And what if someone’s conscience is violated when he is supposed to meet his God and his brothers and sisters, for months and perhaps years, only when wearing a mask – actually something that naturally triggers distrust, unease and fear in us? What if he considers it unloving to give his brothers and sisters the impression, through distance and mask, that he considers them a danger to life and limb from which he must protect himself? What if his fear of God forbids him to worship his Lord with his face covered? Are these not comprehensible reasons why a Christian may be compelled by his conscience to oppose these measures? Would it not be sinful for him to comply with these measures all the same? Therefore, it is wrong for pastors to make the observance of such commandments of men as a condition for participation in worship and thereby rule over the consciences of their sheep.

On the other hand, the signatories claim (point 2) that the state regulations also apply to the Church and that the State’s sphere of authority only ends where the interpretation of the Bible or the spiritual and ethical areas of congregational life are concerned; in all “external” aspects the Churches would have to bow to state rules; the thesis paper gives some examples of this (building, labor law, security, financial law, criminal law).

As already explained above, it is incomprehensible to us how the signatories cannot recognize the spiritual and ethical dimension of the Corona requirements and be of the opinion that these are mere external aspects comparable to building law. In any case, we are not aware of Christians ever having conflicts of conscience because of state requirements to build an emergency exit or hang a fire extinguisher. The reason for this is that the examples correctly cited in the thesis paper do not directly concern the circumstances of worship, because in such matters the State has no God-given authority. Otherwise, the State could too easily hinder the practice of faith by, for example, permanently limiting the number of participants in religious services to ten people. In that case, however, the State would not be acting within its sphere of authority, but as a tyrant. This must be resisted!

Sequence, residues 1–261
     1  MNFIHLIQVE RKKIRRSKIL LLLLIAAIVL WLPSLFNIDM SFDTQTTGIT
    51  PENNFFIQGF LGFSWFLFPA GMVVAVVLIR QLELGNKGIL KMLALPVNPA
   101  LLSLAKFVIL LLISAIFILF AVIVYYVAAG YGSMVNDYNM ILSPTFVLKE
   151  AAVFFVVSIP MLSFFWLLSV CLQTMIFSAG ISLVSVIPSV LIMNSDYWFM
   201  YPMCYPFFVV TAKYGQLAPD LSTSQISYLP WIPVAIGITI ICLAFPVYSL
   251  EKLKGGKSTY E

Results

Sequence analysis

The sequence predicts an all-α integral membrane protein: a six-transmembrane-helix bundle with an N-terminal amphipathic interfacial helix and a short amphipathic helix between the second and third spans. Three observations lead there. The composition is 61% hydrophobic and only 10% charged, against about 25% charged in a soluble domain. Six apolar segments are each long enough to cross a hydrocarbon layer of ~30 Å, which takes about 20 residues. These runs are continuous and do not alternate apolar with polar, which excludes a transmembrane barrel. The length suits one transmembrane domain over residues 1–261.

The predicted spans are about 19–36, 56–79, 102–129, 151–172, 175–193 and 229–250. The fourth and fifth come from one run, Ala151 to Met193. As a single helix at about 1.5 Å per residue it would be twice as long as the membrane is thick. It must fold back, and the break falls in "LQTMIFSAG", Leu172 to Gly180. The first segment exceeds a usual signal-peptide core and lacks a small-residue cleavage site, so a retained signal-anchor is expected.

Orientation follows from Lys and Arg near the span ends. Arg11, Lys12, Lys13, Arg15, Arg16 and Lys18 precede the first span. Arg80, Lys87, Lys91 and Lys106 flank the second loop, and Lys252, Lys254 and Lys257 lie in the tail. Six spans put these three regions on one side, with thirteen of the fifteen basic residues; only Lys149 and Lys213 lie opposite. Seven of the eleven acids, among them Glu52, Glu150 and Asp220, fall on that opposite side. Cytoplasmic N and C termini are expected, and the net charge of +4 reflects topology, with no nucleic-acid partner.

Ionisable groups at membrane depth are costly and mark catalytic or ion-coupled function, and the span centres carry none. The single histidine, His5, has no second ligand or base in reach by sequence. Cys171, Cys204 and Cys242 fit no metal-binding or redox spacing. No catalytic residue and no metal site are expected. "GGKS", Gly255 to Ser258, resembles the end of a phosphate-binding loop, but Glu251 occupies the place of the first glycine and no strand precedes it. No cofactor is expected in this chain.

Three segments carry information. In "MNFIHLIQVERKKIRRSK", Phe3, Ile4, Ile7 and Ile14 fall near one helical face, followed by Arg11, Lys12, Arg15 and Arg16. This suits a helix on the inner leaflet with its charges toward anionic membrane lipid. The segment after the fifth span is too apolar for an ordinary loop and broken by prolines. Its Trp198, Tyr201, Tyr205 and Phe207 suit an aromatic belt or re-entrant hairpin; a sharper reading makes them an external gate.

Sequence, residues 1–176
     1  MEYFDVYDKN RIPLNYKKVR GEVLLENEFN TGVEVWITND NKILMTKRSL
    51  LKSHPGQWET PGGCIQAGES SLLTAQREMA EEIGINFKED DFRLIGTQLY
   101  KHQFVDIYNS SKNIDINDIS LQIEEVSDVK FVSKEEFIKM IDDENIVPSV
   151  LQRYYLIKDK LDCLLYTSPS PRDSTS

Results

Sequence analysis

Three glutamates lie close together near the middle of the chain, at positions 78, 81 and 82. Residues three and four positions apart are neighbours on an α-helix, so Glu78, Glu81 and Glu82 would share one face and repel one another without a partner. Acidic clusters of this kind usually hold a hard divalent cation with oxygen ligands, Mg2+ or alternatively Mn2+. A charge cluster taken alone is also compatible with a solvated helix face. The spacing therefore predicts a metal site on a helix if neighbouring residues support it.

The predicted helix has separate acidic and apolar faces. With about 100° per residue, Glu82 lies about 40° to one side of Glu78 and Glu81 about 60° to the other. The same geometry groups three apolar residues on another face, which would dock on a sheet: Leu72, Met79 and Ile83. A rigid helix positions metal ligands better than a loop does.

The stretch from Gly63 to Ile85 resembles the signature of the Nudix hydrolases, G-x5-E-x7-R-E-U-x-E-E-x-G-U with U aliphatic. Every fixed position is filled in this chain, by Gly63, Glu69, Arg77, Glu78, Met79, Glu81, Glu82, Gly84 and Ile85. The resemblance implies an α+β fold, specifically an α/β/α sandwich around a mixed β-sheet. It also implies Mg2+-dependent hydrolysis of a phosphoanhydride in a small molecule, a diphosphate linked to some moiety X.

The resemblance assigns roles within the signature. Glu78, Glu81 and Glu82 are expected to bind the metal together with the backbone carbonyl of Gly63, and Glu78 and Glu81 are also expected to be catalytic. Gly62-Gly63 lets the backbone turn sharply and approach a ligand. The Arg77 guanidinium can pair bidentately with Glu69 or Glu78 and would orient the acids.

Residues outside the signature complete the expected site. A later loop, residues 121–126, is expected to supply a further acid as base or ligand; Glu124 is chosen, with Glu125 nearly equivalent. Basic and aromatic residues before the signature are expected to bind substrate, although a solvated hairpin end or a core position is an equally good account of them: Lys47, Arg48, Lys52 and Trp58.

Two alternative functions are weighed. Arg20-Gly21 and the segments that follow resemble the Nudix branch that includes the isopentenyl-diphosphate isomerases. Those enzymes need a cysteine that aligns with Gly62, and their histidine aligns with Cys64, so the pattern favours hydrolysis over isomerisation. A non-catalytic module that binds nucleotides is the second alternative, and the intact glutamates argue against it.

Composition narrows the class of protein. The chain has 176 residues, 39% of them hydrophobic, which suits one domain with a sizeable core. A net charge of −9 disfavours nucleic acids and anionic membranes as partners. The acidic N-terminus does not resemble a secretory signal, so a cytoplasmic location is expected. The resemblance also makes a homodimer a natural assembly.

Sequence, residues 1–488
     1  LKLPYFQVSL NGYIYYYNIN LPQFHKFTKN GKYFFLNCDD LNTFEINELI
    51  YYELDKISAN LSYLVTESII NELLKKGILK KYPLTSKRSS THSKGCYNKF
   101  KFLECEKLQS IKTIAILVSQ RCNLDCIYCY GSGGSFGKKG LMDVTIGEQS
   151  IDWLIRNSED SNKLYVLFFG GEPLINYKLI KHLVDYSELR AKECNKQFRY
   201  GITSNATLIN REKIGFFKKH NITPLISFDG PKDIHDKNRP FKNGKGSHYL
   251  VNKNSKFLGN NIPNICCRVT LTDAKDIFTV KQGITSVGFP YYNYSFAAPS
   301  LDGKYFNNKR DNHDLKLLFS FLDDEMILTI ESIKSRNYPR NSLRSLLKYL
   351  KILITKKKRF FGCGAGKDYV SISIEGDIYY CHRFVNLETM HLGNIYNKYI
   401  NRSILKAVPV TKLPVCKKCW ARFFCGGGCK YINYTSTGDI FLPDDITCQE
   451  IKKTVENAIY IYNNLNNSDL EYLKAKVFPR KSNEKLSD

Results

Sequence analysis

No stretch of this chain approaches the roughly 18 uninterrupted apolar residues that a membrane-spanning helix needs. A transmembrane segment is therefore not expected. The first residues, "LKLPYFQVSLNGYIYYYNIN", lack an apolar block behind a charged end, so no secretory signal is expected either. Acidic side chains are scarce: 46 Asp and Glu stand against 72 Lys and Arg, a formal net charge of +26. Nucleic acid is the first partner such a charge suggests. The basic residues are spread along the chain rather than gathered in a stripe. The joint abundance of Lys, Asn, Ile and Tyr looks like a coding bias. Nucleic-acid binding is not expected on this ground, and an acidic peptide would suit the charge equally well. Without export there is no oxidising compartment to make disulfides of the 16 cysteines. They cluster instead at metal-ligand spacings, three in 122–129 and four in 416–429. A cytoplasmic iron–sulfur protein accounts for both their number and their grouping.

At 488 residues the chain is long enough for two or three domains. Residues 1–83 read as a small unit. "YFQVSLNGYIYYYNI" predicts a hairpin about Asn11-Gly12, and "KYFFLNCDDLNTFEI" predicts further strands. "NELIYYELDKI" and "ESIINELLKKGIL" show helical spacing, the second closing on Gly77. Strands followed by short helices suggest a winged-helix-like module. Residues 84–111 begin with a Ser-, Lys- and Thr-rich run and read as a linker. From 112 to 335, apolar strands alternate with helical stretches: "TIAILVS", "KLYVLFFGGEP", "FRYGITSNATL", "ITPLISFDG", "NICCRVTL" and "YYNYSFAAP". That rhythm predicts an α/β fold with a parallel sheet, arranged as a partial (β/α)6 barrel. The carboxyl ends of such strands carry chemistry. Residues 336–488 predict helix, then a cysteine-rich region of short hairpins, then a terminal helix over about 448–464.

Once the State has invaded the Church’s sphere of authority, how do we know that it will not extend its sphere of authority, step by step, and impose more and more requirements on the Church? We are concerned about how readily Churches give up their freedoms, which our brothers and sisters fought, suffered, and sometimes lost their lives to achieve in past centuries. It is precisely an expression of love for our neighbor and love for our children and grandchildren that one jealously guards the freedoms of the community and one’s neighbor.